Prosecutors sum up in Furlong case
Irish exchange student Nicola Furlong: was murdered in a Tokyo hotel room in May last year.
Prosecutors in Tokyo have demanded a four-year prison term for one of two American men accused of luring Irish woman Nicola Furlong (21) to her death in a central Tokyo hotel last year.
James Blackston (23) has denied sexually assaulting the exchange student's unidentified Irish friend at the Keio Plaza Hotel on May 24th while Ms Furlong was being strangled in a nearby room.
Richard Hinds (19) has admitted the killing but denied intent. He is in custody in Tokyo and his trial begins next month.
Mr Blackston, a professional dancer, also denies a separate sexual assault on another woman about a month earlier. He has argued throughout the trial at the Tokyo District Court that he was pursued by both women.
In their summation, prosecutors said multiple testimony and evidence from surveillance cameras proved Ms Furlong, described as 'Victim A', was forcibly brought to Mr Blackston's hotel room.
"There is absolutely no reason to believe the defendant's claim that the victim was interested in him," they said. The court previously heard that Ms Furlong and her friend were unconscious when they arrived by taxi at the hotel and that the two men borrowed wheelchairs to carry them to their rooms.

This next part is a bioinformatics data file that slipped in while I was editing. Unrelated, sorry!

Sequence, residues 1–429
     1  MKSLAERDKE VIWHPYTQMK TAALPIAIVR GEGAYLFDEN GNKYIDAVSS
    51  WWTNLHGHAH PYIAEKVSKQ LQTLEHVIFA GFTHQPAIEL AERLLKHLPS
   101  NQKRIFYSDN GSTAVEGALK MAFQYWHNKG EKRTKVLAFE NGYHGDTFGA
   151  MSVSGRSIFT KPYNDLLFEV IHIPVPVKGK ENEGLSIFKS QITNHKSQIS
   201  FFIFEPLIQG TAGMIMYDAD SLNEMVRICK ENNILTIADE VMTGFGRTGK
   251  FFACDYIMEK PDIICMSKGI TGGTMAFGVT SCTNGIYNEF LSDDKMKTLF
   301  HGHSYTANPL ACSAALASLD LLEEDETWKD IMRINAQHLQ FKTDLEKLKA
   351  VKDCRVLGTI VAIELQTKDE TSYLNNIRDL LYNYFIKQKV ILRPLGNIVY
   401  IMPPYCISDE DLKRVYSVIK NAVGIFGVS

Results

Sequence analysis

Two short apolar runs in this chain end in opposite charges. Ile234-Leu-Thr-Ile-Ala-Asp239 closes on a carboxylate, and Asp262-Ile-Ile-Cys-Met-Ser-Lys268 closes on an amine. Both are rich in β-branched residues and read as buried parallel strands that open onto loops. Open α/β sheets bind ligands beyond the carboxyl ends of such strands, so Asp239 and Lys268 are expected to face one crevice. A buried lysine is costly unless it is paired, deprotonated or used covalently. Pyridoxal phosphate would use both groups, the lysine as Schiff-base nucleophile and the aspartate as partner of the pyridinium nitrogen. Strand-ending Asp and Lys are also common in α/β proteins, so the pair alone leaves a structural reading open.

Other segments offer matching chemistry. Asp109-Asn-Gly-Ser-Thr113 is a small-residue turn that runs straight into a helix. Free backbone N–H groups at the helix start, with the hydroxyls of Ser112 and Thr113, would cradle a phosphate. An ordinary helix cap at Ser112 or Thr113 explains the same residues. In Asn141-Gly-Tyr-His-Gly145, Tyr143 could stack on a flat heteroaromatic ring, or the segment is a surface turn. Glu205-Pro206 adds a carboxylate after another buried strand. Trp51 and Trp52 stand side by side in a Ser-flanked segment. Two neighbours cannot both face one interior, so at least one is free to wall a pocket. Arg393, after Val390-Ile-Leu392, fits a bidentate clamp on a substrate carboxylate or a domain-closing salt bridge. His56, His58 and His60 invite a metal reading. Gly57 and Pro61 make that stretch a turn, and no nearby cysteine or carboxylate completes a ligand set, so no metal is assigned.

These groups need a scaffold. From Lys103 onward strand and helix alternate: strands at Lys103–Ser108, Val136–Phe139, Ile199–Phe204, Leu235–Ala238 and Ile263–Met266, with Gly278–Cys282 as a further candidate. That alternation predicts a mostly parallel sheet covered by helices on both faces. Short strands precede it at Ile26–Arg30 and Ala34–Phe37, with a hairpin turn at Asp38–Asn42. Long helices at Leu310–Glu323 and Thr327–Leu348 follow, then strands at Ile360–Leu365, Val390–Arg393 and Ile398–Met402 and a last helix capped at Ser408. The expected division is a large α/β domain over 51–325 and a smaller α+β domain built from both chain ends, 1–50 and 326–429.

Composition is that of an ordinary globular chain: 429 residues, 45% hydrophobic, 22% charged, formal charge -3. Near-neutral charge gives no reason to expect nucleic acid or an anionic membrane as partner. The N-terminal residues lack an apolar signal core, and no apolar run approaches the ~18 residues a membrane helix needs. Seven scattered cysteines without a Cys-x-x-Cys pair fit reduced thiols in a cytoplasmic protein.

Surveillance footage shows Mr Blackston groping the victim in the back of a taxi on the way to the hotel and records him using explicit sexual language, apparently intent on assaulting her.
In response, Mr Blackston's defence demanded a not guilty verdict for both assaults, saying the victims' testimony was "not credible". Lawyer Tsutomu Nakamura said the taxi footage was inconclusive. "The conversation recorded was meaningless. People say lots of things when they’re drunk."
He added that video surveillance taken in the hotel elevator on the way to the rooms showed Ms Furlong reviving and making "no verbal of physical attempt to resist".
Mr Nakamura said the victim wanted to hide the fact that she was sexually interested in his client and went to his room voluntarily. "She told so many lies in his testimony," he added.
In his final deposition to the court, Mr. Blackston said he felt "sorrow" for the victim "and the passing away of her friend".
He added: "My fiancé and the rest of my family are patiently waiting for me to come home."
The prosecutors failed to produce police toxicology reports that might have proved suspicions that the women's drinks were spiked at a bar after attending a rap concert. Mr Blackston and his defence team have consistently argued that the women drank too much and went to the hotel voluntarily.
The verdict in the case is due on March 13th. Mr Nakamura said he was "confident" his client would receive a suspended sentence.